A. Hi Kathy. Not to be facetious, but you either invest years in becoming an expert on the subject, or you retain an expert who has already done so ... or you ask for a certificate of authenticity that maybe you can trust but maybe you can't ... or you take a chance. There is simply no way for an amateur to tell from examination, let alone a photo, whether artwork is original -- a forger would always put more knowledge, skill, and effort into determining those clues than amateurs would and would always be a step ahead of you anyway. Sorry :-(

But it may not be that important, since it seems that some C. Jere stuff is beautiful, and some not so much. And the majority of it apparently made by apprentices. So if it's beautiful, that's probably what matters.

Regards,

pic of Ted Mooney
Ted Mooney, P.E. RET
Striving to live Aloha
finishing.com - Pine Beach, New Jersey




Q. Hi, I have a black Birds in Flight wall sculpture that has been in storage for many years. The signature on it is C Jere '71. I would like to know a safe way to clean it. There are a couple of small spots that look like rust. Thank you.

Karen Holm
- Bayfield, Colorado US
August 22, 2018


A. Hi Karen. Depending on how large this is, it might be quite valuable. If you consider it such, you can retain a metals conservator from the American Institute for Conservation of Historic and Artistic Works website (thanks to our reader Goran Budija for educating me on this) to examine and restore it.

Internet advice from people who haven't seen it is never "safe", but please tell readers exactly what you've got so misunderstandings are reduced. It was black, rather than brass colored steel like Susan's? Is it steel (magnetic) or is is not-magnetic? If it is steel, does it looks like it might be painted black, or does it looks more like the "blued steel" on a gun barrel? The rust can probably be removed with very fine ("0000") steel wool, but even this can scratch off the blackening. Is it also dirty, or was it carefully wrapped and the little rust spots are the only issue? If it's dirty, water and dish detergent is usually safe as long as you are sure you can quickly get it dry. Preventing it from rusting again will probably require the application of oil; very light rubbing with WD-40 [adv: item on eBay or Amazon] will probably help deter corrosion, but keep it under climate control, not in an entry foyer or porch. Good luck.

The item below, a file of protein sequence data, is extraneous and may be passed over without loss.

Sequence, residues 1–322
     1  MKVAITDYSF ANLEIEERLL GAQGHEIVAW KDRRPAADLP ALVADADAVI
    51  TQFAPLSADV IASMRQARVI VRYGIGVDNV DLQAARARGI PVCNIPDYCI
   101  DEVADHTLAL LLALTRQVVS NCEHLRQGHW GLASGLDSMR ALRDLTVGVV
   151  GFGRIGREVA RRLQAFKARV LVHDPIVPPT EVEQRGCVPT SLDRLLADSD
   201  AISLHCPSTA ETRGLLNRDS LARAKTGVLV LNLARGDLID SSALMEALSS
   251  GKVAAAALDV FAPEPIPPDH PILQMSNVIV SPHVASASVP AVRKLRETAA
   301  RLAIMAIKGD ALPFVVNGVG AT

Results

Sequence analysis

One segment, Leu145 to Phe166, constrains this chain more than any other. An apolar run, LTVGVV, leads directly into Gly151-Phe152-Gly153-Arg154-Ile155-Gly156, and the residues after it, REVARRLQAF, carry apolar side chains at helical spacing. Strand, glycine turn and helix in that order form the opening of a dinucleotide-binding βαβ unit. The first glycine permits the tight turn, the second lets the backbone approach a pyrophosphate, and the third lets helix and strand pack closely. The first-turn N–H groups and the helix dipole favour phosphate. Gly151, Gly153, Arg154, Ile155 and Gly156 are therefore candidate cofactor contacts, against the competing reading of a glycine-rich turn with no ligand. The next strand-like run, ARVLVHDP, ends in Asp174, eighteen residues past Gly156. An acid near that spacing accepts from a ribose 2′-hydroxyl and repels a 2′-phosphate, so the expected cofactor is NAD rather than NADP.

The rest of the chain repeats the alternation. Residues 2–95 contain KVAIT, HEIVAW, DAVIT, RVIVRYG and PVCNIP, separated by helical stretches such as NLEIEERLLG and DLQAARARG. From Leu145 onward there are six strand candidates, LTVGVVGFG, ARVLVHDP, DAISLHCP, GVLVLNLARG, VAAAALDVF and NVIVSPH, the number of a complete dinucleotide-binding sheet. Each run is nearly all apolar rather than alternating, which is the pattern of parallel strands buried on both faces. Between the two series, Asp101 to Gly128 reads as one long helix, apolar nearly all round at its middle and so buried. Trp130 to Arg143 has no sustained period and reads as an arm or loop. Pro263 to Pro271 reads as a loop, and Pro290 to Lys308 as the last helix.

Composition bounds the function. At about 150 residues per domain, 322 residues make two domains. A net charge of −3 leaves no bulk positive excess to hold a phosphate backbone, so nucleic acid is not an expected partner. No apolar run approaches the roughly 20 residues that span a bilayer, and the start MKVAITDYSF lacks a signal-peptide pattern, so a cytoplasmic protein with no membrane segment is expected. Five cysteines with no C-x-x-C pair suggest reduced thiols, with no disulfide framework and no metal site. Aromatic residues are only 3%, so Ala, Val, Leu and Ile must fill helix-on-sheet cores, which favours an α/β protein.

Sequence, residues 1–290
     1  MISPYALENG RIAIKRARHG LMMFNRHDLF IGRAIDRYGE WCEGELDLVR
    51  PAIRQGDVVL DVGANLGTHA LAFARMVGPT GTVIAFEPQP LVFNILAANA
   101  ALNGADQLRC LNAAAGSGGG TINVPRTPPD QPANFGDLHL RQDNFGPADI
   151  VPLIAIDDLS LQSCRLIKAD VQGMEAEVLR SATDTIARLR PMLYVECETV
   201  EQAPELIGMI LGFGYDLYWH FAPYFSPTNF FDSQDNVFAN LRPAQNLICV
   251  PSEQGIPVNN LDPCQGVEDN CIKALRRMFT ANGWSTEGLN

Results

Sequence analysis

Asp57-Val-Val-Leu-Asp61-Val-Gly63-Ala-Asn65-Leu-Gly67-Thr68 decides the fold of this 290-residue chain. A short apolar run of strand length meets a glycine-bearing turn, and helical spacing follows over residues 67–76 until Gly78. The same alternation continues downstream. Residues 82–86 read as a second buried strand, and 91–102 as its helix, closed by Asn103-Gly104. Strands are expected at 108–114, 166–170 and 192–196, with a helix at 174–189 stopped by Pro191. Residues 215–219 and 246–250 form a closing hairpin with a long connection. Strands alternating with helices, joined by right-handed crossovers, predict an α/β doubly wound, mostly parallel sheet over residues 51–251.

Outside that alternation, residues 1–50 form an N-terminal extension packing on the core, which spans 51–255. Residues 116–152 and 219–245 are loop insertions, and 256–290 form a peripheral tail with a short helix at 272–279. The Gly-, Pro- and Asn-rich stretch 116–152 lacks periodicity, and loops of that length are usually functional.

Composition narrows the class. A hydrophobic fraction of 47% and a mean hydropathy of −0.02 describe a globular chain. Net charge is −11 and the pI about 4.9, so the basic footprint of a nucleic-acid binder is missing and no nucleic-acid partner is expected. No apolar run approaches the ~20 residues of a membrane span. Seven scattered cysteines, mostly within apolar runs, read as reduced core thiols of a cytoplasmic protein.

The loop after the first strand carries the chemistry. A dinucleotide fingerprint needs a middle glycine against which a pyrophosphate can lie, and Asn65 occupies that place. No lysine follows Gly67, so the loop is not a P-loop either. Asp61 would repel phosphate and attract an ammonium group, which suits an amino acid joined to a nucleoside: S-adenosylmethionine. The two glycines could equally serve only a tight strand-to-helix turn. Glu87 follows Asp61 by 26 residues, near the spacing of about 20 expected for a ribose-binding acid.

Regards,

pic of Ted Mooney
Ted Mooney, P.E. RET
Striving to live Aloha
finishing.com - Pine Beach, New Jersey




Q. I just acquired a beautiful C. Jere pompom piece. I am not sure if it is rusted chrome or actually plated brass. I cleaned a small area with some lemon juice and baking soda and it was silver. Magnets stick to it as well. The back also looks silver colored. I was considering dropping it in Evap-o-Rust [affil link] because it is completely rusted but I don't want to ruin the piece. Any advice or knowledge would be much appreciated.

curtis jere pompom a   curtis jere pompom c   curtis jere pompom e   curtis jere pompom b   curtis jere pompom d  

Joey angelson
- Marlboro New Jersey
September 26, 2018


Q. I wish we could get an answer to your question because I too started "cleaning" a C.Jere huge wall tree from 1980 (it might be a bamboo tree, unsure) that my mother had and thought it was copper and brass but the cleaner I used (baking soda and vinegar and then I tried The Pink Stuff [on eBay or Amazon affil link]) showed that it was silver-colored underneath. Her piece isn't in great shape, I thought the brass leaves were corroded but as I started cleaning them a silver color is coming through. I read that they used a patina coating (after I started polishing) so apparently I scrubbed the patina coating off. I really would like to know if my piece can be cleaned and somewhat restored.

Kimber Van Halen
- Grand Rapids, Michigan
July 30, 2023


A. Hi
I don't have the history or inside knowledge to know what metal finishing processes C. Jere used. All I can comment on is the results related to me and a general knowledge of potential finishing methods.

People should be aware that human skin and metal are very different. Vinegar is a safe, mild, cleaner as far as people are concerned but it can be an aggressive acid as far as some metals are concerned; if you add table salt it's a very aggressive acid unsuited to most artwork and its fine detail. But vinegar + baking soda = nothing ... the baking soda neutralizes the vinegar.

There are four common ways for stuff like this to have a brass look.
• The first is to make it out of solid brass -- which doesn't seem to be the case.
• The second is to make it out of steel and do brass electroplating (or copper plating then brass plating) directly on the steel -- the underlying steel would not be bright and silvery if this were the case.
• The third way is to do bright nickel electroplating on the item and follow it with brass electroplating. Brass tarnishes quickly, so usually this would be followed by brass lacquer or other clearcoat. Where the brass and lacquer are worn away by cleaning and polishing, the nickel plating would be bright and shiny.